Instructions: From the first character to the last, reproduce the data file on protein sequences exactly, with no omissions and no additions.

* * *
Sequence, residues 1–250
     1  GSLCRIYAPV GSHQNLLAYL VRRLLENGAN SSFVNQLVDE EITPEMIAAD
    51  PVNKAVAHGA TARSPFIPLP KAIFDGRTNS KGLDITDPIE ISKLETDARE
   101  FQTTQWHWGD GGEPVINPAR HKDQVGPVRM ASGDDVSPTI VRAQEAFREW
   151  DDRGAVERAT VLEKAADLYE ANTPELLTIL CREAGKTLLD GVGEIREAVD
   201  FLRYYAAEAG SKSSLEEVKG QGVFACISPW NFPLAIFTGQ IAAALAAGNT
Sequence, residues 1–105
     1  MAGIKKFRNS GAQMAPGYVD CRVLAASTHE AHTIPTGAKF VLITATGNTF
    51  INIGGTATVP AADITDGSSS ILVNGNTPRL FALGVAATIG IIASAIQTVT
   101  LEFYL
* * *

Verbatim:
Sequence, residues 1–250
     1  GSLCRIYAPV GSHQNLLAYL VRRLLENGAN SSFVNQLVDE EITPEMIAAD
    51  PVNKAVAHGA TARSPFIPLP KAIFDGRTNS KGLDITDPIE ISKLETDARE
   101  FQTTQWHWGD GGEPVINPAR HKDQVGPVRM ASGDDVSPTI VRAQEAFREW
   151  DDRGAVERAT VLEKAADLYE ANTPELLTIL CREAGKTLLD GVGEIREAVD
   201  FLRYYAAEAG SKSSLEEVKG QGVFACISPW NFPLAIFTGQ IAAALAAGNT
Sequence, residues 1–105
     1  MAGIKKFRNS GAQMAPGYVD CRVLAASTHE AHTIPTGAKF VLITATGNTF
    51  INIGGTATVP AADITDGSSS ILVNGNTPRL FALGVAATIG IIASAIQTVT
   101  LEFYL